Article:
We've been without a car since we left the States in June, but we knew we needed one here. It's been seven weeks since we got here but have been unable to get a car due to visa issues. Then one day Atticus got really sick. Derek went out that evening to look at a car that a friend of a friend was selling. He was just about to take the car on a test drive when I called him to say that Atticus needed to go the hospital. The man who was selling the car didn't just sell us his car; he drove us to the hospital and waited the entire time to drive us home that night - all without dinner. After seven weeks of needing a car, at the exact moment we truly needed one, God didn't just provide us a car; He provided us a driver and a friend. We have since seen Traian (the man) several times. He has taught us how to drive here, been patient with us to teach us a lot of new Romanian, shown us great hospitality in his own home, and gone out of his way to help us with the paperwork needed for the car. God led us to this.
Having sick toddlers is never any fun. Having sick toddlers in a foreign country without your visas yet (which means you can't go to a doctor and are only able to go to the ER) makes you feel helpless, overwhelmed, and anxious. Atticus was running a 104.5 F fever, wouldn't eat or drink anything because he said his mouth hurt, and he started drooling all over me instead of swallowing his own spit. I was scared. Not just scared of the sickness, though that was enough! I was scared of the hospital here. I was scared of not being able to communicate with anyone. I was scared about whether the doctors would take me seriously, listen to me, allow me to ask questions because of the high-power-distance culture we're in. I was scared of them giving him medications or doing procedures with which I might disagree and not being able to ask or tell them. I was scared about even getting to the hospital in the big city. I was scared it might cost a fortune. As Traian drove us, I prayed for help, and the Lord answered. The receptionist spoke English and told me that it would be at least an hour wait. After just twenty minutes they took us back to see a doctor. The doctor spoke English and was so kind and patient. When I questioned her, she didn't get upset; instead she asked another doctor to come in and give a second opinion. She answered every one of my questions and even apologized to me that she couldn't speak better English! The medicine she prescribed worked perfectly. The cost was nowhere near what it would have cost in the States. We had a driver there and back. The Lord led us through that storm.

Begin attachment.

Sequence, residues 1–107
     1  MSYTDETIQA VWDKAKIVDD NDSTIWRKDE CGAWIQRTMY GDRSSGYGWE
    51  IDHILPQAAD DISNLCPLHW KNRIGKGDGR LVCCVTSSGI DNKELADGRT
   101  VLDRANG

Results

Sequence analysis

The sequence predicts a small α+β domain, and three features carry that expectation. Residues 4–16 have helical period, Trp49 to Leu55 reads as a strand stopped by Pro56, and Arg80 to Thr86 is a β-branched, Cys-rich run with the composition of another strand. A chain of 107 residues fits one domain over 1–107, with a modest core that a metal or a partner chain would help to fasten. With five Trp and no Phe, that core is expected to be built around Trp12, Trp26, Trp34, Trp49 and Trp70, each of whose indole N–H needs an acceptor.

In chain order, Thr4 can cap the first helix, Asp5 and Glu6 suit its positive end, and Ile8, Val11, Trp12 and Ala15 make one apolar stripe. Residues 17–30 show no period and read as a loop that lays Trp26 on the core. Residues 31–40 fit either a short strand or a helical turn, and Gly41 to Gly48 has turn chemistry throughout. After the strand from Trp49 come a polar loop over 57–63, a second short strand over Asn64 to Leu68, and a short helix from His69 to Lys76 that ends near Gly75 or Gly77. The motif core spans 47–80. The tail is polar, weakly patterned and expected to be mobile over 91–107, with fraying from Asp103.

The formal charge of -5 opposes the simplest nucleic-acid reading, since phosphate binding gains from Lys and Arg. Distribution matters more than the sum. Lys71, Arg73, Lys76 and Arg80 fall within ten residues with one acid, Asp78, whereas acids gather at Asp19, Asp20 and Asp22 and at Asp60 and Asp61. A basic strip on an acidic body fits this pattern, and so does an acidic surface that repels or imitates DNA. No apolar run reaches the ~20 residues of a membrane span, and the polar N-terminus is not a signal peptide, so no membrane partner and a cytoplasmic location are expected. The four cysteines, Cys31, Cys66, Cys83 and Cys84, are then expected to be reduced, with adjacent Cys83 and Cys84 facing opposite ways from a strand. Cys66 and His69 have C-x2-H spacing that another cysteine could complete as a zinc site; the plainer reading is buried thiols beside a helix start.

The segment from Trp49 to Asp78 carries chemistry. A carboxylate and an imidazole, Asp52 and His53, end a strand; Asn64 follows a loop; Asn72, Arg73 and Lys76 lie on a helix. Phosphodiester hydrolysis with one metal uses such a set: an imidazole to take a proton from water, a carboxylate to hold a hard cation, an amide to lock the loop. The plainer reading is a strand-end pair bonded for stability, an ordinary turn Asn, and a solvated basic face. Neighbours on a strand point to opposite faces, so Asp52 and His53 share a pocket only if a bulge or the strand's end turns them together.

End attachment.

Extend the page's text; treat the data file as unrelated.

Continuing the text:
- healed Derek's back after throwing it out at the airport
- gave us THE BEST team leader and family, along with other awesome missionaries to help support us
- helped provide relief for my back/hips throughout pregnancy
- provided an English-speaking OBGYN that has a similar philosophy for birth as I do
- provided great language tutors
- provided a preK for our kids to attend where the director/teacher speaks English
So Now... Visas.
We're coming upon another time of uncertainty. Our visas. This is more or less how the process works.
Step 1: Come to Romania and ASAP apply for your visa with the Ministry of Cults. (Yup, that's right. All religious workers are considered "cults," so that's fun! haha!)
Step 2: Wait 30 days to receive approval from the Ministry of Cults to apply for the Visa.
Step 3: Use your acceptance letter from the Ministry of Cults to get your mandatory socialized Medical Insurance cards. Use this card to go to a doctor and have them look you all over. Get a Medical Certificate from the doctor that says you don't have any diseases or anything that you're bringing into the country. (You can't go see a doctor and get this certificate without first getting your medical card.)
Step 4: Take the Acceptance Letter, the Medical Certificate, and a host of other paperwork that we already brought with us (signed, notarized, apostiled, and translated into Romanian!) to Brasov and apply for your Visa. This step MUST BE DONE at least 30 days prior to the expiration of your 90-day tourist visa.
Step 5: Wait 30 days to get Visa approval.
So if you read through that whole process, you basically have 60 days from when you get to the country to apply for your Visa, and then you wait the last 30 days of your legal tourist status to see if you get approval. Otherwise, you leave and wait the required amount of time and attempt the process again. (At least, that's our understanding.)
THIS THURSDAY, SEPTEMBER 28th IS OUR 60-DAY MARK! We HAVE to get all of our documents into the application process so we that we can get our visas before our tourist status expires in one month. Here's the big problem: We're still stuck on Step 2! Our approval letter from the Ministry of Cults was supposed to get back to us no later than September 18th, and now we're sitting here just waiting. Until we get that letter, we can't make appointments and see doctors to get the Medical Certificate. We can't send off for our visa applications. Even if our approval letter comes tomorrow, it will still be very tight and difficult to obtain our medical insurance cards AND get an appointment with a doctor AND get the medical certificate by Wednesday so that we can go downtown on Thursday! We are in a MAJOR TIME CRUNCH and we have absolutely no control over it. All we can do it sit and wait. And pray. Which, thankfully, is a pretty big weapon.
So, what happens if we don't get the documents in for our application by Thursday? Honestly, we have no idea. There is a possibility of applying for a one-year Volunteer Visa, but we don't know that process yet. We don't know how strict those dates are, so maybe we'll just be a few days late. Maybe we'll be leaving the country for a week to buy us some time and then come back. Maybe we'll be going back to the States for a while until we work it all out. Honestly, we just don't know. But God does. He knows exactly what He wants for us, and we can trust that whatever it is, it is good.
PLEASE PRAY THAT OUR APPROVAL LETTERS COME TOMORROW! The Lord is our Shepherd and has led us this far. We will continue to follow His voice, regardless of the uncertainty, anxiety, or confusion. Please pray that we will rest as His sheep and remember that, even in the storms, He is guiding us and will never leave us because we are His.